Neil Young Storytone

Neil YoungStorytone
Less than a year after he released A Letter Home, a '60s-heavy covers album recorded inside Jack White's 1947 Voice-O-Graph vinyl recording booth, Neil Young is back with another totally different (yet still idiosyncratic) recording project. Storytone is a collection of ten new Young songs presented two ways: solo and symphonic. The solo side isn't just acoustic guitar, mind you; there is also piano, harmonica, electric guitar, and what sounds like resonator guitar and ukulele in the mix. And "symphonic" is a bit of a misnomer, as the arrangements for "Say Hello To Chicago" and "Like You Used To Do" (which recalls his earlier Jimmy Reed cover, "Baby What You Want Me To Do" off Broken Arrow) are big band.

Given Young's recent split with Pegi Young — his wife of 36 years — and his publicized new romance with Daryl Hannah, Storytone reads in part as a juxtaposition of vulnerability and grandeur, rawness and schmaltz. It's an interesting snapshot of a man in transition, falling out of love, falling in love, meditating on humanity's relationship with nature and railing in its defense. He seems perhaps not quite right, yet suddenly more vital. On the demo-like solo versions, the songs are unsurprisingly more naked: Young at a piano with sustain singing the sad love songs "Plastic Flowers" and "Glimmer"; the quiet electric blues of "I Want To Drive My Car," whispered and weary.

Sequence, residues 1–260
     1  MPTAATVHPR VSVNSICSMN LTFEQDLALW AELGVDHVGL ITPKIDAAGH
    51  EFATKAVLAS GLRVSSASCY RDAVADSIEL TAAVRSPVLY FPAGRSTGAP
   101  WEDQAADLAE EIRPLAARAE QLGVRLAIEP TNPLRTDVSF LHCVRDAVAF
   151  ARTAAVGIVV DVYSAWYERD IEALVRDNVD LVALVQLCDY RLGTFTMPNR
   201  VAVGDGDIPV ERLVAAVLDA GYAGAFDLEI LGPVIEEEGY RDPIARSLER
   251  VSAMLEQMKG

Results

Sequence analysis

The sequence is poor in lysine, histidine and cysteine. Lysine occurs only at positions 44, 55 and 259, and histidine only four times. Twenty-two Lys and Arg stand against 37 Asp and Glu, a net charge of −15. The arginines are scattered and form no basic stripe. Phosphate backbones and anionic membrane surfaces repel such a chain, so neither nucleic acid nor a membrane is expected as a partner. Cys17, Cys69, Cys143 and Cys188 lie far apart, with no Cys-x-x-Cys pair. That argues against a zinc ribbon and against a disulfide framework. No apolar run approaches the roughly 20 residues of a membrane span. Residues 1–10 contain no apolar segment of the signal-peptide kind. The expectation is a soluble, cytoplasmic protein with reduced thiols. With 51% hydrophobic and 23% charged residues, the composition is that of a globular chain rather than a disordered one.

When he calls the 92-piece orchestra in, the results are mixed. "Who's Gonna Stand Up?" is the standout track, complete with a coda (though the bass-y parts comically evoke battle scenes from Star Trek). As a call to action on environmentalism, it's an appropriate moment to unleash a big choir. Elsewhere, the symphony and the songs have a more tenuous connection, as on "When I Watch You Sleeping," on which the rickety-sounding drums, strummed guitar and harmonica and the string section co-exist more than gel. Like A Letter Home, Storytone is a sonic throwback, though in this case it's to a time when symphonies were everywhere, on soundtracks and country songs alike. If you don't let the aesthetic throw you (chimes begin and end "Tumbleweed," for instance), you'll hear some memorable and earnest new Neil Young tunes, including "I'm Glad I Found You." (Reprise)